Unemployment rates in Jacksonville during 2010.1 continued to rise through February, but hopefully peaked that month at 11.57% (seasonally adjusted). While, as mentioned above, national pundits translated the April jump in unemployment to 9.9% as indicative of the return of discouraged workers to the labor force; locally, the April rate fell dramatically to 10.69% reflecting an increase in those employed combined with a drop in the local labor force. There is naturally an increase in employment in the early spring in the Jacksonville area, but it is historically very small. The April 2010 jump was even better news than normal, despite the level being way higher than would be preferred. LEIP only seasonally adjusts the unemployment rate (we do not calculate it), but doing so provides valuable short term insight into the changes from month to month. The unadjusted rates averaged over 12% in the first quarter of 2010. However, the seasonally adjusted value fell below 11% in April.
The outlook for the second quarter of 2010 is hopefully going to continue the trend downward in unemployment. Last quarter we commented that the local economy needed something to bolster consumer confidence to lay the groundwork for improved private sector hiring. The jump in consumer confidence arose (we still do not know why) so now it is time for local businesses to do their part. The April unemployment and employment numbers were certainly a movement in the correct direction. With local high schools, colleges and universities graduating sizable numbers of student in May and June, the prospects for these new graduates in the coming summer months will tell us a lot about future job prospects in the entire marketplace. We are hopeful that employment conditions are getting better for 2010 graduates and longer term members of the labor force and that the second quarter will continue to reveal improved job prospects at quarter's end, as it began last month.
Leading Indicator (LEI)
The LEIP leading indicator started 2010 continuing its positive values from 2009.4 through February, but March and April were both negative. In particular, building permits and new claims for unemployment insurance were driving the LEI. Both categories revealed strong recoveries in the January and February, but fell off again in March and April. As mentioned before, the recovery in consumer confidence in April was a positive sign, but it was insufficient to override the nearly 2,200 additional claims for unemployment insurance, the drop in building permits, and the fall in local stocks. The national LEI was also down in April, reversing its consistent climb since March 2009. The evidence both locally and national is that the recovery is weakening and the outlook for the next three to six months is not as rosy as we had hoped at the end of 2009. The disconnect between the falling unemployment rate and the rise in new claims for unemployment insurance is disconcerting, suggesting that the return of discouraged workers to the workforce is being reflected in further claims for compensation to get those unemployed through the downturn.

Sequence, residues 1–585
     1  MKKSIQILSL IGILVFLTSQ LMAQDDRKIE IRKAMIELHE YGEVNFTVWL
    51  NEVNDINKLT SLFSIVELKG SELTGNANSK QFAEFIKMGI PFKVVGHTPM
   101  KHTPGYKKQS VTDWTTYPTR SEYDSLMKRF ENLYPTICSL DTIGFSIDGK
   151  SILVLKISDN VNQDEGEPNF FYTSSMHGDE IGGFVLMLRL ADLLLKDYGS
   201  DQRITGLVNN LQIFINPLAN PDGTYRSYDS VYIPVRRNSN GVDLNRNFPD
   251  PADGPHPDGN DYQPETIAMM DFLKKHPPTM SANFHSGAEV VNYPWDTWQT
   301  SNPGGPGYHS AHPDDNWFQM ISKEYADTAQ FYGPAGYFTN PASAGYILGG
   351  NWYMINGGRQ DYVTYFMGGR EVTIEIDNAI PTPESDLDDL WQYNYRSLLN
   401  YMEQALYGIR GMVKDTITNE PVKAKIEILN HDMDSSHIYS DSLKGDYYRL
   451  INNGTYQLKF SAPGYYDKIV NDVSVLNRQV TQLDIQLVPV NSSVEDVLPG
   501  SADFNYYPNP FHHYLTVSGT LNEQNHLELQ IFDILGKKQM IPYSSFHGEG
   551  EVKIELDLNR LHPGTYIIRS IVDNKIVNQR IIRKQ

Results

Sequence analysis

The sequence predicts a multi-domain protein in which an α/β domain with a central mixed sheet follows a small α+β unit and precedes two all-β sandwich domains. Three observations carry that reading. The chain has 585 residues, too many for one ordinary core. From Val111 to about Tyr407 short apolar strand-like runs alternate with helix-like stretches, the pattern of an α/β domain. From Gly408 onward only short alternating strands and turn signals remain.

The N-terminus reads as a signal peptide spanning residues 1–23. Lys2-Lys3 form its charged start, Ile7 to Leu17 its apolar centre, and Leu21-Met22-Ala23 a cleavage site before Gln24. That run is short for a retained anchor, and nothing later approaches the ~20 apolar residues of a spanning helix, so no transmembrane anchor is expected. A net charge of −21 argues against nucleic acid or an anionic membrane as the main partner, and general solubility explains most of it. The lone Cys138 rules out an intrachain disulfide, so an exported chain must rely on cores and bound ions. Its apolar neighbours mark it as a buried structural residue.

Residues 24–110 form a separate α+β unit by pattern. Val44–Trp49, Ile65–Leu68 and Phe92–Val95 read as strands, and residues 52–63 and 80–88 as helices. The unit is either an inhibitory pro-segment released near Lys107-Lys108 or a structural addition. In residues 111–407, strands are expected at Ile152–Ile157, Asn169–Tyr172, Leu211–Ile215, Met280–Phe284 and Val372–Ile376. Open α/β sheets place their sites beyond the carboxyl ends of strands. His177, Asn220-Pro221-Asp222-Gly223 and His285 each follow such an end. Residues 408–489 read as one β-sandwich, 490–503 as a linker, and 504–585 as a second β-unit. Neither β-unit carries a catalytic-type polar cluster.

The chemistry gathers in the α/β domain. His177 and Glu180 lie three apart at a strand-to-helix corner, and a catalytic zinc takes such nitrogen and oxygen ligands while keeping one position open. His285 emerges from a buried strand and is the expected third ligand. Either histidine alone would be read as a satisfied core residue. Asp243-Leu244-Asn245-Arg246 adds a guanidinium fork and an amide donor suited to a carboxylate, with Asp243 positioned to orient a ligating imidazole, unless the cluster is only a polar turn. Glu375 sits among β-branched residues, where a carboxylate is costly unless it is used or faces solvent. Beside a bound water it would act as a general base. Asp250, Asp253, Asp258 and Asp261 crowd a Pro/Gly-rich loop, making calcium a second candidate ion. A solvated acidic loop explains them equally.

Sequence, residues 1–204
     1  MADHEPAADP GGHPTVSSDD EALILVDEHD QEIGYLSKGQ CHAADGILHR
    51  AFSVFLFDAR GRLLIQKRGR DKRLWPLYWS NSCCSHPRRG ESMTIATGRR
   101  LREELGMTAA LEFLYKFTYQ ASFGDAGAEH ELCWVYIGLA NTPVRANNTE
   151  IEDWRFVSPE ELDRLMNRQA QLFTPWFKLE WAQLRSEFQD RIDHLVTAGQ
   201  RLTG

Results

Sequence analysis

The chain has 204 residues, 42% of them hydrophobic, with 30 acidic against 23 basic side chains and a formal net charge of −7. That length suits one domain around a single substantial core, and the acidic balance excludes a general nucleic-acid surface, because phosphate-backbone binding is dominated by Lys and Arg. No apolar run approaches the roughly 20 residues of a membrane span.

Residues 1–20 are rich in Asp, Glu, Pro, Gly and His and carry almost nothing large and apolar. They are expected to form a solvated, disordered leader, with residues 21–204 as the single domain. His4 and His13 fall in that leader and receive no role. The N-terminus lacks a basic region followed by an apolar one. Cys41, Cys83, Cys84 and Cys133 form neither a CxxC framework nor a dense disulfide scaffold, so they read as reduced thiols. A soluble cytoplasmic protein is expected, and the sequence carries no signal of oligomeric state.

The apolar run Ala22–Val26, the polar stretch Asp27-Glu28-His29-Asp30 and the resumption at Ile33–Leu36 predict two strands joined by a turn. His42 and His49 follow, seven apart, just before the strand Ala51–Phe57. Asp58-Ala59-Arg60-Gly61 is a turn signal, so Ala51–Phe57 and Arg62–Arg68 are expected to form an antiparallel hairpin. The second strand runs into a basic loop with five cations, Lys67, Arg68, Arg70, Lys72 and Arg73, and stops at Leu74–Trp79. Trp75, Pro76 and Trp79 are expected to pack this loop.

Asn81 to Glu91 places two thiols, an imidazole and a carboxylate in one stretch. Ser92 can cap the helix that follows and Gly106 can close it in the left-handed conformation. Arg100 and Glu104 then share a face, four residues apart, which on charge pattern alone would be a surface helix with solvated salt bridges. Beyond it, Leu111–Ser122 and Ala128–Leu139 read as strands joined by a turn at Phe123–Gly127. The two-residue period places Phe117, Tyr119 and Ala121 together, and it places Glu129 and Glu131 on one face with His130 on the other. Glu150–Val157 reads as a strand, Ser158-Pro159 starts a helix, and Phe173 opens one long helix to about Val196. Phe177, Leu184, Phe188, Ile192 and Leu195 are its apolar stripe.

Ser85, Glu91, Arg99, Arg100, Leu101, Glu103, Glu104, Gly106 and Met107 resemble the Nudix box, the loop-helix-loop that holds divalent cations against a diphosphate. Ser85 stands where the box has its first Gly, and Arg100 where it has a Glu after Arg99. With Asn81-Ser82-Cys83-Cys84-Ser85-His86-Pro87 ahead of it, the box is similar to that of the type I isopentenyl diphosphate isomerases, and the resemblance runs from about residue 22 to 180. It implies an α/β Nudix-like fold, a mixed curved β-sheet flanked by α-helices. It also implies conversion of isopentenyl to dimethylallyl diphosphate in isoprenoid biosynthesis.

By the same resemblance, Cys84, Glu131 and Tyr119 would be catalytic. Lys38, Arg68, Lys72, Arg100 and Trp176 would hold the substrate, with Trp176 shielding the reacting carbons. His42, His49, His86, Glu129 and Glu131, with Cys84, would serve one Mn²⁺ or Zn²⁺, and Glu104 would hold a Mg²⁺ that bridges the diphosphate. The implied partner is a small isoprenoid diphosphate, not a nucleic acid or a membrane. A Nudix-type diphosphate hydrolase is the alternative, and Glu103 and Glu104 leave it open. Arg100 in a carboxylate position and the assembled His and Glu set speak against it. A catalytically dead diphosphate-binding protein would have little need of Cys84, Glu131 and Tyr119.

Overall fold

Stock Price Index
Local stocks followed the rise in the DOW during 2010.1 and through April, but the local presence stocks outperformed the local headquarters' stocks for a change. Both categories are still well below the DOW, however. The local headquarters stocks are still about 2,200 below the DOW, while the local presence stocks are still around 4,000 below the DOW. For the last four quarters we implied that local stocks seem to have been hit harder than the DOW companies due to the substantial presence of financial companies in Jacksonville, and the first quarter numbers reveal that we continue to be correct. Construction and both residential and commercial real estate declines continue to contribute significantly to the weakness. We do not anticipate that local stocks are going to gain substantially relative to national blue chips.
The Bottom Line, Locally
Overall, 2010.1 was the eighth consecutive weak quarter for Jacksonville and the nation in regards to the data LEIP collects or has access to in a consistent format. Retail sales have bounced back, unemployment fell, but the LEI has turned downward and inflation, rates fell for each of the last three months. The outlook still suggests that we are in recovery, but it appears to be one that will be very slow, quite bumpy, and difficult to predict. The outlook for Jacksonville continues to be weak for the second quarter of 2010.
The NBER has still not declared that the recession is over. This strikes us as further evidence that the recovery is not far enough along to suggest that near future news is likely to be more positive. The state of Florida and Jacksonville will need to consider alternative growth stimuli to agriculture, tourism, and population relocation to anticipate future recovery to match past performance. Investment in infrastructure and particularly education will be the best ways for the state to attract innovative and high wage jobs to the state. The sooner we start, the more competitive we will be with other states and other countries in the future global economy.